Five Reasons Pre-School Years Are a Prime Time for Learning

Alise McGregor | 2/23/2018, 6 a.m.
News & Experts— Much of the discussion about education focuses on the K-12 years, but some early childhood education experts ...

News & Experts— Much of the discussion about education focuses on the K-12 years, but some early childhood education experts suggest serious learning can start even earlier and pay dividends for the child in years to come.

“Young children have the capacity at a very young age to be academically challenged, and we need to educate them strongly during those years instead of waiting until they are older,” says Alise McGregor, founder of Little Newtons (www.littlenewtons.com), an early education center with locations in Minnesota and Illinois. “Children’s minds are like sponges when they are very young. Under age five is the most important time for development and our best opportunity to set up children for success. If we strongly educate children at a very young age, while their brains are so pliable, by the time they reach kindergarten, their brain capacity is much higher.”

Recent research confirms that the first five years of life are particularly important for the development of the child's brain. Harvard University’s Center on the Developing Child reports that in the first few years, more than 1 million new neural connections are formed every second, building the brain’s architecture.

This growth of the brain’s network establishes a fertile foundation for learning, thus an opportunity to be better prepared for grade school and beyond, experts say. One analysis of several studies, “Impacts of Early Childhood Education on Medium and Long-term Education,” showed that children exposed to high-quality pre-kindergarten education performed better academically in later years. Early education also led to higher graduation rates, fewer special education placements and less grade retention.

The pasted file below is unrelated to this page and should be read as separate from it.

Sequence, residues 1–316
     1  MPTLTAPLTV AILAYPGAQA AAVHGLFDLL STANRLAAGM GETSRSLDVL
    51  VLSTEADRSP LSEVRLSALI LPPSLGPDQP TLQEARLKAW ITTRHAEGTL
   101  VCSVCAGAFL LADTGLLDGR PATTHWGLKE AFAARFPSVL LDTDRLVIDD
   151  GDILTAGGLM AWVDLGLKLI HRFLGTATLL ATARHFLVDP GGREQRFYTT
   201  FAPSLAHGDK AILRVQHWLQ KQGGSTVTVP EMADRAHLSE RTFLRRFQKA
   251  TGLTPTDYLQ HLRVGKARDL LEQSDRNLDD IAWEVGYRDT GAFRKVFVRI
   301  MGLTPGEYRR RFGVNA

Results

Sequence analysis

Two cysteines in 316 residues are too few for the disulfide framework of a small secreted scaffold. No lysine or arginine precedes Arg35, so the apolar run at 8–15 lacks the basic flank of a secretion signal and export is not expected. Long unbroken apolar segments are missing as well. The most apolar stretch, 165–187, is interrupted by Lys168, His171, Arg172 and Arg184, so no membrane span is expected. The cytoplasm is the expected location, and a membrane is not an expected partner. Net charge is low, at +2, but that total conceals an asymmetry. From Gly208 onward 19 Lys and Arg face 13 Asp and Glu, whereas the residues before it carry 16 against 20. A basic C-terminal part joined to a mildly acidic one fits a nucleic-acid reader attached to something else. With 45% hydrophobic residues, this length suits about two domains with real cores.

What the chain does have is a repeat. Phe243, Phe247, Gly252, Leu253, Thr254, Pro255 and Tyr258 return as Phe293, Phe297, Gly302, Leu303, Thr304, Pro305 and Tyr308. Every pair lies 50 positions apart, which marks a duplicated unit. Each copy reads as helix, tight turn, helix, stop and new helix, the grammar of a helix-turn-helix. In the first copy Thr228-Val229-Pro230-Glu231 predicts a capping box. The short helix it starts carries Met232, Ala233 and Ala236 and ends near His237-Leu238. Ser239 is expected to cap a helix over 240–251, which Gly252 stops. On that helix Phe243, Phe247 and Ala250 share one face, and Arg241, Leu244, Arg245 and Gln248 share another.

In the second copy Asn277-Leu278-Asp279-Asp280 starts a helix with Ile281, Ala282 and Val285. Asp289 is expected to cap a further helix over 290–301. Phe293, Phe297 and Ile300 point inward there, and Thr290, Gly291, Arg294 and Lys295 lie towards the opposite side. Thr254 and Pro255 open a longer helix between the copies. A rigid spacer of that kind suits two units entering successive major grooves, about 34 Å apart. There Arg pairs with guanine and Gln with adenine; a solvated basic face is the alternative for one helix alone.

McGregor suggests five reasons parents should consider ramping up their pre-K child’s education:

•Socialization— Socialization with people other than the child’s family in a safe environment is an essential foundational element. “It’s important to introduce our children to other children and support their transition into their own friendship groups, and the earlier we do this, it helps children overcome shyness and gain self-confidence,” McGregor says.

•Personal experiences— Experiences assist the brain’s organizational development and functioning in many situations, helping children develop learning skills as well as social and emotional abilities. “A good early-education center creates an environment where imagination, love and innovation all come together for a daily adventure,” McGregor says.

•Enthusiasm for Learning— Lessons can be given in a fun and exciting way that will encourage children to be effective learners. “Feeling inspired and excited to learn takes root in preschool,” McGregor says, “and can last a lifetime.”

•Learning respect for others— A fundamental building block for happiness, friendships and success in life starts early by learning how to share, cooperate, take turns and be nice. “By carrying on conversations, following rules, listening, accepting consequences of actions, the child learns early how to start getting along in the world,” McGregor says.

•Resilience— It’s important that early childhood educators and parents work together to develop resilience in children as early as possible. “By creating a consistent and stable environment with clear expectations and predictable consequences, children can develop skills in managing themselves and their emotions,” McGregor says. “They may experience bumps, bruises or losing a game, but this is the foundation for building coping strategies for greater challenges in life.”

“The first five years of life are the most critical,” McGregor says. “It is far easier to train a child than it is to fix a broken adult.”

Alise McGregor is the founder of Little Newtons (www.littlenewtons.com), an exceptional childcare center focusing on early childhood education with four locations in Minnesota and one in Illinois. Also a nurse, she has a B.S. in Exercise Physiology with a cardiac rehabilitation emphasis.